Deeper Look into Pride and Prejudice (2005 film)
An examination of pride and more pride in Joe Wright’s Pride and Prejudice screenplay
When people think of the theme of pride and prejudice in the Pride and Prejudice movie, most will think of this in terms of the two main characters in the film: Elizabeth and Darcy. Upon watching it this time, I was struck in all the different scenarios that pride is revealed by all of the other characters and relationships.
Mr Collins’ pride
Ah yes, the dreaded cousin. Mr Collins’ proposal monologue to Elizabeth is one of the most cringeworthy scenes in the whole movie. There is not a single sentence in his speech that is genuine or true (“practiced”, might be a better word for it). To Elizabeth he says, “almost as soon as I entered the house, I singled you out as the companion of my future life. But before I am run away with by my feelings on this subject…”. He also adds “that no reproach on the subject of fortune will cross my lips once we are married.” Touche. This reminded me of Darcy’s first proposal speech to Elizabeth. Both of these men’s proposals clearly indicated what was important to them at the time: their social standing, their fortunes, Elizabeth’s lack thereof of both things, and a belief in their moral superiority for “overlooking” this within her. Both of their speeches, heavily ladden with pride, lacked emotional care and consideration for the recipient, which Elizabeth definitely noted.
Mrs Bennet’s pride
Mrs Bennet is prideful in any matter concerning her daughters’ potential for marriage. After laying in mourning for days at Lydia’s disappearance, she immediately changes her mindset when she receives news of Lydia’s marriage. She boasts about Lydia’s elopement to Mr Bingley and Lady Catherine when they stop by, to which Lady Catherine remarks to Elizabeth that the marriage was nothing but a “scandalously patched-up marriage, only achieved at the expense of your uncle.” In the beginning of the movie when she was excited about Jane’s anticipated engagement to Mr Bingley, she is seen boasting about its possibility to everyone, to which Darcy believes to be a lack of propriety. In this case, her happiness leads to a form of pride that isn’t harmful, but is interpreted as harmful to others.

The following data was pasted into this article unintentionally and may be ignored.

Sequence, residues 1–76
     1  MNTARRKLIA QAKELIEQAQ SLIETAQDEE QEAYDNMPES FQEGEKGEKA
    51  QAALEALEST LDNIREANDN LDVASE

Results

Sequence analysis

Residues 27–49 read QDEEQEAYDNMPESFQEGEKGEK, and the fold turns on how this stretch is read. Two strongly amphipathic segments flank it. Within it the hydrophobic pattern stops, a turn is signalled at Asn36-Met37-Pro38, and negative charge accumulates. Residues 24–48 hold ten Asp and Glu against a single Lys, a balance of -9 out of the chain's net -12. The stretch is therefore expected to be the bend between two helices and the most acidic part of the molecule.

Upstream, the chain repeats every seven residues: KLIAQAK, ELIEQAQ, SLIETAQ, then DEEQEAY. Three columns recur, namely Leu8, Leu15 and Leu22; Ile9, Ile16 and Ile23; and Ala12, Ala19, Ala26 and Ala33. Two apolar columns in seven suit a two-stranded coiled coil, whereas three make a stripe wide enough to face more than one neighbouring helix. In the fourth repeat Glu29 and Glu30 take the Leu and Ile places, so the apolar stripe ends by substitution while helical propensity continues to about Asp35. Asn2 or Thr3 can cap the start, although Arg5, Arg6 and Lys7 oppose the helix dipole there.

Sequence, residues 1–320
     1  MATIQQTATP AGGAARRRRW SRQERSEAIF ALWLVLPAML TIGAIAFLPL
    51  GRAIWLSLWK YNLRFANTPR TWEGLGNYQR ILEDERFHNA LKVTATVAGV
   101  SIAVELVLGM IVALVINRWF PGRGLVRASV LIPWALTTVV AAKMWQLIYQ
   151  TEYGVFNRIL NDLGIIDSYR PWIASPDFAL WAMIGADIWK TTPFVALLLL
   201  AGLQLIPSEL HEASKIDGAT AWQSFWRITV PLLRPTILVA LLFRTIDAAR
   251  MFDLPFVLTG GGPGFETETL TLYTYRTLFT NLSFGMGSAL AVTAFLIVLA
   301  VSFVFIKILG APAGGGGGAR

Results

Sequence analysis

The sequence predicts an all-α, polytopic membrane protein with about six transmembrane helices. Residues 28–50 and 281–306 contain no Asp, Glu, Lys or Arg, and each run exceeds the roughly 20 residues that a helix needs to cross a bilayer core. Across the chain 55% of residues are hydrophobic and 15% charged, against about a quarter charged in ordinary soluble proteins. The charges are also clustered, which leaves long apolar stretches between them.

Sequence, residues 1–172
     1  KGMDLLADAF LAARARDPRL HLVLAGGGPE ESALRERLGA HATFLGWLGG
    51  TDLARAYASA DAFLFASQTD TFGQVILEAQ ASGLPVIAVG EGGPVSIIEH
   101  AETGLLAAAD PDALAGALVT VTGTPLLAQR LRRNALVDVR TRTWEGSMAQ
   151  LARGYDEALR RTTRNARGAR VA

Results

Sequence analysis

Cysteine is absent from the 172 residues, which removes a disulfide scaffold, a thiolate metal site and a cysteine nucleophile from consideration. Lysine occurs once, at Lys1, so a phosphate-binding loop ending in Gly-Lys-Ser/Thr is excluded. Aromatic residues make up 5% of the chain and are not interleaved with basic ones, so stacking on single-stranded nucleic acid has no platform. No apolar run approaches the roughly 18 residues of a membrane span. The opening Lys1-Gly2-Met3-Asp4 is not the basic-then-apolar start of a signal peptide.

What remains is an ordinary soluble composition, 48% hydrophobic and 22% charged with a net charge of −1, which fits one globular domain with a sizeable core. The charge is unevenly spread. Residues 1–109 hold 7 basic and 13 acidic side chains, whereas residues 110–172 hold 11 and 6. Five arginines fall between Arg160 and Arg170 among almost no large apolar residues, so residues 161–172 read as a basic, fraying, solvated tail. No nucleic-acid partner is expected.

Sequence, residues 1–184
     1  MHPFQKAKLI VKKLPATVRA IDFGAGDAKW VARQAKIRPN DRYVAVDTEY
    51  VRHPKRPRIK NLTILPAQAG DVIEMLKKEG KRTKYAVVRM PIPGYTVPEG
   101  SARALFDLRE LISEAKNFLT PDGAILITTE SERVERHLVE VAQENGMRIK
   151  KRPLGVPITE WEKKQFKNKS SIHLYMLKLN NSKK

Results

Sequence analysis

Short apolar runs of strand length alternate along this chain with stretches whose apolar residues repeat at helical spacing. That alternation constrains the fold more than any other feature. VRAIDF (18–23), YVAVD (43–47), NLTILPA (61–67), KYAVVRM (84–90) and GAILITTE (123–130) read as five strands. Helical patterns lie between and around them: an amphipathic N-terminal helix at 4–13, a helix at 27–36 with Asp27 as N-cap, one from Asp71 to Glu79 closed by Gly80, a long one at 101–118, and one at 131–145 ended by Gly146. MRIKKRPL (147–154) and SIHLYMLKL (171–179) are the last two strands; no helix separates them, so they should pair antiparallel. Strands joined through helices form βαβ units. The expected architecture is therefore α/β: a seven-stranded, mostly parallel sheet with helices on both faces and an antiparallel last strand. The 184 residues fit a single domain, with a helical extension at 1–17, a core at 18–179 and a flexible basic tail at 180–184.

Jane and Elizabeth’s pride
In the second half of the movie, both Jane and Elizabeth do not confide in each other of their true affections for Bingley and Darcy, respectively. For Jane, I believe she was trying to deny these feelings in herself and thus couldn’t admit this to Elizabeth until she was proposed to. For Elizabeth, there was a moment when she almost confided her feelings about Darcy to Jane, but they were conveniently interrupted by Bingley’s visit. Even later when Jane and Elizabeth are in bed and Jane is expressing her hope that there might someday be “such a man” for Elizabeth, Elizabeth doesn’t use that opportunity to confide in Jane. I think that there may be two reasons for this: 1) because she doesn’t want to damper the mood of her jubilant sister or 2) because she doesn’t want to entertain a notion that she may have turned down someone who she now has feelings for, and isn’t sure if a relationship is possible anymore between them. It’s definitely complicated, and perhaps Elizabeth doesn’t want to discuss this with someone [yet]. Are both instances of withholding information instances of pride/self-preservation, or something else?
It is clear in the first few scenes of the movie that Mary looks down at the other sisters for their triviality of participating in balls. At the ball she goes to with her family, she sings and plays the pianoforte (very loudly) to which her father is able to see that other girls are laughing at her lack of skill and tells Mary to “let the other young ladies have a turn”. Mary runs off crying and when Mr Bennet finds her later, she laments “I’ve been practising all week!”. Is it Mary’s pride that prevents her from seeing her lack of skill here?
Darcy and Elizabeth’s pride
In the movie, Elizabeth and Darcy undergo a drastic character development journey. This journey begins by each attacking the other’s pride by exposing it. They each then take the entire span of the movie to grapple with the revelations of their faults, and work on addressing them in their own ways. Darcy, after harshly judging Elizabeth’s family and their social standing, later takes the time to get to know her uncle and aunt while they visit his home, even taking the uncle out fishing. Elizabeth, also after wrongly judging Darcy for his treatment of Wickham, allows herself to see that Darcy does hugely generous actions in private, as that is his way of doing things. In their case, pride is overcome when it is exposed and given a large motivation to work to kill it (aka their growing affection and love for each other). Does the annihilation of pride always work in this way?
From examining the movie with a focus on pride, it revealed to me that pride is complicated and is sometimes not a quality that stands on its own (like Mrs Bennett, where her pride was intertwined with her happiness).
More questions for the crowd: Does pride makes us blind to our own shortcomings? Is pride always synonymous with arrogance? Can having pride, in relation to others, ever lead to good or must it always be annihilated?